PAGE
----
Integral to America’s food obsession are the stylists who make it look good. Our panel of industry experts talks about photography and the art of arranging spaghetti strands.
“The luck of New Orleans,” Walker Percy said, “is that its troubles usually have their saving graces.” Seven authors and scholars discuss writing in the Big Easy, from Early Times to Katrina clichés.
Sports are stupid. Beautiful. Dull. Transcendent. Most of all, they’re more than just games. We assembled sports writers, critics, freaks, and authors to tell us why.
The music industry’s devil and savior bear the same name: the web. Five years later, we reconvene our panel of music blogfathers for a look into the future. Soundtrack included.
Welcome to wedding season, when lovers and their kinfolk celebrate true love and go into debt. We rounded up a panel of experts—authors, academics, and the recently betrothed—to discuss the current state of the Great American Wedding.
Either you’ve done it or you know someone who has: online dating, the scourge and savior of contemporary romance. A panel of experts discusses love 2.0.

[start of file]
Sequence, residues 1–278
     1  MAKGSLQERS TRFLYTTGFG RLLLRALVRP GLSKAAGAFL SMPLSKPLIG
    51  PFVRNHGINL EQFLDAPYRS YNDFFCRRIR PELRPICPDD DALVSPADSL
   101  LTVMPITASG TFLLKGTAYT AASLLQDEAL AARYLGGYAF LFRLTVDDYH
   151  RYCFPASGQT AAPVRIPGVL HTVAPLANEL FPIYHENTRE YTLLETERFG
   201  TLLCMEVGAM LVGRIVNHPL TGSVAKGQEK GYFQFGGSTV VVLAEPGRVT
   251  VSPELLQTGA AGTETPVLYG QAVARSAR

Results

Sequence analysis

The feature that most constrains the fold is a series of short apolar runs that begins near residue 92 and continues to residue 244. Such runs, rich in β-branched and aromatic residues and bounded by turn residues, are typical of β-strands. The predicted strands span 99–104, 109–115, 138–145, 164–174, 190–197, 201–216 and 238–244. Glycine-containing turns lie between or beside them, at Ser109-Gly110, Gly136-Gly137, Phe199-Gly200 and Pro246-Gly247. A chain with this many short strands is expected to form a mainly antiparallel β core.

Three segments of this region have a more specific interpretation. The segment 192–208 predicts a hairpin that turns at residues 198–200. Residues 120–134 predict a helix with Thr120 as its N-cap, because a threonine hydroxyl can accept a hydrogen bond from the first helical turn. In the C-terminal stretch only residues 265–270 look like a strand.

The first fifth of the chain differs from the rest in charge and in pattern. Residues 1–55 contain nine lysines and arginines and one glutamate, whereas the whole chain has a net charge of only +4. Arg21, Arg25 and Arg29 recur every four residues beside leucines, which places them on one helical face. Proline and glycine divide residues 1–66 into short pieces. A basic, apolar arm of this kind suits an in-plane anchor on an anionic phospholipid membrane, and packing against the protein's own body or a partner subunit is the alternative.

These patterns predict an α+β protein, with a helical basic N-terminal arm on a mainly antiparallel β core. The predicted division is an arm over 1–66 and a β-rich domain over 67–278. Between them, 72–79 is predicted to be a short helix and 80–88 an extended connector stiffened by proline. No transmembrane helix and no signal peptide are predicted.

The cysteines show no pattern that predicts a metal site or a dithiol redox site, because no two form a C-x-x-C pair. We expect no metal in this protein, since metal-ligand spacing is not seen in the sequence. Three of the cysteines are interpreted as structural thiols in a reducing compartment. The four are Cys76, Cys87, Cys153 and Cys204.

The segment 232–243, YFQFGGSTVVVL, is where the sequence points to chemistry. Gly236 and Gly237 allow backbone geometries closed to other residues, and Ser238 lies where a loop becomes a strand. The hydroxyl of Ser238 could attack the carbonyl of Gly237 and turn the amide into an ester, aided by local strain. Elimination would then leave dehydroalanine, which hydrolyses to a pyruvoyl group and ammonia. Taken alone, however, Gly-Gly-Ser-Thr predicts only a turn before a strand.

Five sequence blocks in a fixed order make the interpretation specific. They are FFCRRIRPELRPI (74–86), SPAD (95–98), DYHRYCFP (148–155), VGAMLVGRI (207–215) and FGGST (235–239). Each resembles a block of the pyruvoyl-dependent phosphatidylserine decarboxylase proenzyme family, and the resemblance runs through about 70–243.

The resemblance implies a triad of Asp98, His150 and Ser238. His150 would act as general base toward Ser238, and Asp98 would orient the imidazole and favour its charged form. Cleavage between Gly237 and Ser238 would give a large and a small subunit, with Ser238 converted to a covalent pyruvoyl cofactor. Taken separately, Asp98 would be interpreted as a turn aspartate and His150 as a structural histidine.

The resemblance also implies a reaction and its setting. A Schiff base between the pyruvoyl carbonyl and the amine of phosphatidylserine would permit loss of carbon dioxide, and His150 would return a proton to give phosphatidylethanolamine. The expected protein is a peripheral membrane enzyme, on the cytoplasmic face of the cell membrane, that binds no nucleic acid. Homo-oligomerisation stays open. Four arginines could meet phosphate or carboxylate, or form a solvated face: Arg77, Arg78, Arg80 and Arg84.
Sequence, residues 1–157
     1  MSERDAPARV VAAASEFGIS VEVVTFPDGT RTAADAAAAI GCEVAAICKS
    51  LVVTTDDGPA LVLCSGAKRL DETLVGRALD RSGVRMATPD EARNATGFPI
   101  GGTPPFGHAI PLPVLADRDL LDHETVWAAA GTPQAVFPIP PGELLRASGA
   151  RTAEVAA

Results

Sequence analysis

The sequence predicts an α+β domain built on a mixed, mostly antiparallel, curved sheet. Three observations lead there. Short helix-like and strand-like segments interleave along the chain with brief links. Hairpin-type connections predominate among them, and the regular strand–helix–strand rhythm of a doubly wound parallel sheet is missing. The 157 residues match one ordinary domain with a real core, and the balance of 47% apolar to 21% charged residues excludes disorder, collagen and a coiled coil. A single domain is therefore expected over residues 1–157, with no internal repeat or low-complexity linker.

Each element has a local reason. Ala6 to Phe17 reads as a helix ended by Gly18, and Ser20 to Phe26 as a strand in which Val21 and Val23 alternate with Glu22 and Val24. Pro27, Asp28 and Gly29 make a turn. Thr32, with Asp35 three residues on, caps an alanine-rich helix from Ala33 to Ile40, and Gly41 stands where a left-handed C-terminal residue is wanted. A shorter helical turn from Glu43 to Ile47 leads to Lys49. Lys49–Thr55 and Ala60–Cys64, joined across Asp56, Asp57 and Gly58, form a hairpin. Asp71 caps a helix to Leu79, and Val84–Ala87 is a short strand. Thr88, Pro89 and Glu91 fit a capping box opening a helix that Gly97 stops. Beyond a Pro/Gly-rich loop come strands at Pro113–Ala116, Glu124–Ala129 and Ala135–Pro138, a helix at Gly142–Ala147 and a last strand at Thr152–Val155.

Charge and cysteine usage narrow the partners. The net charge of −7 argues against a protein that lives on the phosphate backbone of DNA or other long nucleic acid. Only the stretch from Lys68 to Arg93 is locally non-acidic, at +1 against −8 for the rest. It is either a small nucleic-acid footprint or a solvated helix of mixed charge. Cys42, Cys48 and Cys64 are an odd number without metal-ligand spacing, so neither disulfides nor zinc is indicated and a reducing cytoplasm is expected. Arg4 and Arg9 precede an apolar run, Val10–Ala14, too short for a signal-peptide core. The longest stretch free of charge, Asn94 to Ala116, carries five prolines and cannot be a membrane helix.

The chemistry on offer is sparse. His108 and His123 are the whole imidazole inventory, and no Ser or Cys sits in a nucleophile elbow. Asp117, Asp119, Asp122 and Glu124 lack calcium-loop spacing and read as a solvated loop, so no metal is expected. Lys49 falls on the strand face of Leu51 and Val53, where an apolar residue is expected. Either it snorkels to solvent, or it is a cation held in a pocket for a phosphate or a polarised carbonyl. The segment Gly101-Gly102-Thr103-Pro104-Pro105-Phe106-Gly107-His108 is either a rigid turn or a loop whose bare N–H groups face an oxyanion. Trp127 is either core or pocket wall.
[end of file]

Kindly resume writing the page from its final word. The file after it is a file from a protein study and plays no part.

Are you ruining your child’s chances at future employment by blogging about his poop? By becoming a father yourself, do you finally understand your own dad? A look at the challenges of contemporary paternity.
The French diet is back in the news—how do French women manage to enjoy chocolate, wine, cheese and bread without gaining weight? Several top French food bloggers weigh in on the phenomenon.
It’s art, it’s play, it’s political protestno matter what it’s called, street art is all around us, changing the face of our cities when no one’s looking. So what is it exactly? Pitchaya Sudbanthad rounds up some of the legends of the scene to talk about the history of street art, and where it’s headed next.
Twelve months ago a number of TMN contributors were becoming first-time dads—now it’s time to check in and see how they’re doing. A look back at a year of highs, lows, and Diaper Genies.
There exists in the internet a galaxy of passionate music fans sharing their favorite songs, for free, with as many people as can find them. We talk to six of our favorite mp3 bloggers to find out what makes them tick, what problems they face, and what the record companies should do next.
We’ve seen their drawings of Radiohead songs, they tell us the Strokes make their heads hurt “like 100 dogs,” but how do we feel about their songs? A panel listens to children’s music, weighing in on the state of the pint-sized.